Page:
Another thing set the Concord Garcia show apart: there were three bands on the bill. In almost all Garcia Band settings, any opening acts were either solo acoustic or a band from the Grateful Dead family, like Comfort or Kingfish. Yet here was Garcia headlining the big venue, and two other electric bands played full sets. Second on the bill was The Edge, a promising Bay Area club band featuring ex-JGB keyboard player Ozzie Ahlers and Lorin Rowan (Peter's younger brother, from the ill-fated CBS Rowan Brothers album). Ahlers joined the short list of former members of a Garcia ensemble who opened for the Garcia Band. They played enjoyable reggae-rock, if nothing exceptional. Opening the show was Queen Ida And Her Bon Ton Zydeco Band, who played a lively set of zydeco music, a style largely unknown in the Bay Area at the time.

Both of the opening acts were good, and appropriate to a Garcia Band show, but they weren't going to get played on KMEL. The bands may have had some independently released material, but The Edge was too unknown and Queen Ida too "ethnic." How they got on the bill is anyone's guess, but then one of the co-sponsors of the concert was BAM (Bay Area Music) Magazine, a free biweekly music magazine, back when free meant "everyone reads it." BAM favored mainstream Bay Area bands like the Doobie Brothers, of course, but they tried to cover everything, and BAM was always supportive of the Grateful Dead. Did I mention that Blair Jackson was a chief editor of BAM? As a co-sponsor, BAM would have helped publicize the show--KMEL couldn't exactly advertise it on competing stations--and the editors may have put in a good word for some appropriate bands.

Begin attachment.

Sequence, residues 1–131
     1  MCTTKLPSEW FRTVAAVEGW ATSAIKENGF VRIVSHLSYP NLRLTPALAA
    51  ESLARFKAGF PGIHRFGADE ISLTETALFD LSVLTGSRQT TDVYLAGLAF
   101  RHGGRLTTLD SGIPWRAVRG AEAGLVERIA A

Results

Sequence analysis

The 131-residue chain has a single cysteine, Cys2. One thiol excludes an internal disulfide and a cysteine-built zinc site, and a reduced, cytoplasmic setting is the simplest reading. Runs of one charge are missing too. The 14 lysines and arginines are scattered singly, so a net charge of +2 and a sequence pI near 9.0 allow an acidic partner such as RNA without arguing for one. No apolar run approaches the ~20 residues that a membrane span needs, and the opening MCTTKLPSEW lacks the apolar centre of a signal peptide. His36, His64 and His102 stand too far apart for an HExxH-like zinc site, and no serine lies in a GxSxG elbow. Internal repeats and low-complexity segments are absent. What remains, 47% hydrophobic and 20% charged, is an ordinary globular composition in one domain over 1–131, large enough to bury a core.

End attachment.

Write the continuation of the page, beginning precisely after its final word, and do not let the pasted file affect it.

Jerry Garcia Band, Concord Pavilion, Concord, CA; September 7, 1981
I: The Way You Do The Things You Do, Knockin' On Heaven's Door, Roadrunner, Sugaree
II: The Harder They Come, Mississippi Moon, Second That Emotion, The Night They Drove Old Dixie Down, Dear Prudence, Tangled Up In Blue
E: How Sweet It Is

On Labor Day, 1981, about 9,000 Bay Area rock fans paid just $1.00 to hear the Jerry Garcia Band and two other fine local bands fill the afternoon with music. Bill Kreutzmann made a surprise guest appearance and we all got home before dark. It never happened again,


Alternatives To Known History